A research team has designed and built an absorption chiller capable of using solar and residual heat as an energy source to drive the cooling system. The technology used in this machine, which looks like an ordinary air-conditioning system, minimises its environmental impact by combining the use of a lithium bromide solution, which does not damage the ozone layer or increase the greenhouse effect, with a reduction in the use of water by the machine.
The team, managed by Professor Marcelo Izquierdo from the Department of Thermal Engineering and Fluid Mechanics of the UC3M, who is also a researcher at the Instituto de Ciencias de la Construcción Eduardo Torroja (IETCC) of the CSIC, is building a solar cooling system that unlike the existing machines on the market, uses an improved absorption mechanism capable of producing cold water at a range of temperatures from 7º C to 18º C when the exterior temperature ranges from 33º C to 43º C.
Professor Marcelo Izquierdo states that the conclusions reached by a study with a commercial air condensed absorption machine prove that given an outside temperature ranging from 28ºC and 34ºC, the machine can produce cold water at a range of 12 to 16ºC, with a source temperature at the generator between 80ºC to 95ºC. Under these conditions, the cold water produced can be used for climate control applications in houses by combining it with a water-to-air heat exchanger (fan coil).
Quoting Raquel Lizarte, a researcher at the Department of Thermal Engineering and Fluid Mechanics of the UC3M, “There are few absorption machines at a commercial level that are adapted for residential use”, and since it is very hard to go without climate control, it is important to find a cooling technology that has minimal environmental impact. “The machine that we're studying produces enough cold water to cool down a room of 40 m2 of floor area and with a volume of 120 m3”, she states.
In 2007, 191 countries were involved in the Montreal protocol; a signed agreement to avoid the use of ozone depleting substances such as the HCFC refrigerants used in the air-conditioning industry as well as to set a limit such that by the year 2010 the energy consumption should be just 25% of the level that was allowed in 1996. Also, by the year 2020 all the HCFC refrigerants used in developed countries will have to be replaced with substitutes. This protocol makes research into this kind of technology extremely important for the near future.
The study has been published in the current edition of the magazine Applied Thermal Engineering under the title: ‘Air conditioning using an air-cooled single effect lithium bromide absorption chiller: Results of a trial conducted in Madrid in August 2005’. In this investigation scientists from the Universidad Carlos III of Madrid and Universidad Nacional de Educación a Distancia have collaborated under the coordination of the Instituto de Ciencias de la Construcción Eduardo Torroja-CSIC.
Researchers use light to remotely control curvature of plastics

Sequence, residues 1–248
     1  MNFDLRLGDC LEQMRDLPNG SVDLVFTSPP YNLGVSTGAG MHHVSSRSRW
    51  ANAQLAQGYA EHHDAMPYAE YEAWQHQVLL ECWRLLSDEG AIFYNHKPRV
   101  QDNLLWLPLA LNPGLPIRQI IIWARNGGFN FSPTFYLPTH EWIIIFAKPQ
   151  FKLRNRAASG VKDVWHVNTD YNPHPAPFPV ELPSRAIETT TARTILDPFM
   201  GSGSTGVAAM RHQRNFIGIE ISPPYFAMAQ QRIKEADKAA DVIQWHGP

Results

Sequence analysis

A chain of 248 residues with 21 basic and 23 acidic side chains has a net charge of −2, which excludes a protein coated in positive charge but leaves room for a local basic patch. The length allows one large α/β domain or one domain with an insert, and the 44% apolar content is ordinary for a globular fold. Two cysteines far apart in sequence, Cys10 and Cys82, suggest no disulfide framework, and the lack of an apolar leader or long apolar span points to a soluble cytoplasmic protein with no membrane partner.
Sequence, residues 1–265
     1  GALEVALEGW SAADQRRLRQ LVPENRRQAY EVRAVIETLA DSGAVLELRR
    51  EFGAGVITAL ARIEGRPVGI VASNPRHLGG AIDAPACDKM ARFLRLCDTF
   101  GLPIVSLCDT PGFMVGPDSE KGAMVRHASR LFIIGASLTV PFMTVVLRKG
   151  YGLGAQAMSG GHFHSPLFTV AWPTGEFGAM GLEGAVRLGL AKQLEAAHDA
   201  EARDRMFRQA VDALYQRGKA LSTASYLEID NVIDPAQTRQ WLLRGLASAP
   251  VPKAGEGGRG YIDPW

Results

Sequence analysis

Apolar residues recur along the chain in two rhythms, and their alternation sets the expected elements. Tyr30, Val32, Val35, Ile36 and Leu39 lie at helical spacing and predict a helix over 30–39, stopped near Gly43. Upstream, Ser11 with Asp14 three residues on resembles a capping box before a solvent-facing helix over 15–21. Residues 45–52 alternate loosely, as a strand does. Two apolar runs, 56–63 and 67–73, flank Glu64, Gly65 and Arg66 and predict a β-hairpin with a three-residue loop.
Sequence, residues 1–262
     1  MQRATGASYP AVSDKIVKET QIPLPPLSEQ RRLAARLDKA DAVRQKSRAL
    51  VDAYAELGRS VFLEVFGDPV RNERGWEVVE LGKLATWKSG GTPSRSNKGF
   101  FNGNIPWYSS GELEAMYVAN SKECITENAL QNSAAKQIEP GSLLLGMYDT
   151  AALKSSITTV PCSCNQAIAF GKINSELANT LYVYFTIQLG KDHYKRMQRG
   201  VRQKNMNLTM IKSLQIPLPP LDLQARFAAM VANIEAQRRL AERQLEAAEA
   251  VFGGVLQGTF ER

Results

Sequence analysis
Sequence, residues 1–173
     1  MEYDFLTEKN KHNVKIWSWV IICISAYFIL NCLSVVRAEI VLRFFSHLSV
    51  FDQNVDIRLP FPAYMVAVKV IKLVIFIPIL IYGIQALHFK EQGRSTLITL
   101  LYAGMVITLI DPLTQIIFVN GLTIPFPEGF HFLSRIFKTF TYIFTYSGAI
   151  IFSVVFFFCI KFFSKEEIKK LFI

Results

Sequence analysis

23.03.2017 | North Carolina State University
TU Graz researchers show that enzyme function inhibits battery ageing
21.03.2017 | Technische Universität Graz
Astronomers from Bonn and Tautenburg in Thuringia (Germany) used the 100-m radio telescope at Effelsberg to observe several galaxy clusters. At the edges of these large accumulations of dark matter, stellar systems (galaxies), hot gas, and charged particles, they found magnetic fields that are exceptionally ordered over distances of many million light years. This makes them the most extended magnetic fields in the universe known so far.
The results will be published on March 22 in the journal „Astronomy & Astrophysics“.
Galaxy clusters are the largest gravitationally bound structures in the universe. With a typical extent of about 10 million light years, i.e. 100 times the...
Researchers at the Goethe University Frankfurt, together with partners from the University of Tübingen in Germany and Queen Mary University as well as Francis Crick Institute from London (UK) have developed a novel technology to decipher the secret ubiquitin code.
Ubiquitin is a small protein that can be linked to other cellular proteins, thereby controlling and modulating their functions. The attachment occurs in many...
In the eternal search for next generation high-efficiency solar cells and LEDs, scientists at Los Alamos National Laboratory and their partners are creating...
Silicon nanosheets are thin, two-dimensional layers with exceptional optoelectronic properties very similar to those of graphene. Albeit, the nanosheets are less stable. Now researchers at the Technical University of Munich (TUM) have, for the first time ever, produced a composite material combining silicon nanosheets and a polymer that is both UV-resistant and easy to process. This brings the scientists a significant step closer to industrial applications like flexible displays and photosensors.
Silicon nanosheets are thin, two-dimensional layers with exceptional optoelectronic properties very similar to those of graphene. Albeit, the nanosheets are...
Enzymes behave differently in a test tube compared with the molecular scrum of a living cell. Chemists from the University of Basel have now been able to simulate these confined natural conditions in artificial vesicles for the first time. As reported in the academic journal Small, the results are offering better insight into the development of nanoreactors and artificial organelles.
Enzymes behave differently in a test tube compared with the molecular scrum of a living cell. Chemists from the University of Basel have now been able to...
20.03.2017 | Event News
14.03.2017 | Event News
07.03.2017 | Event News
27.03.2017 | Earth Sciences
27.03.2017 | Life Sciences
27.03.2017 | Life Sciences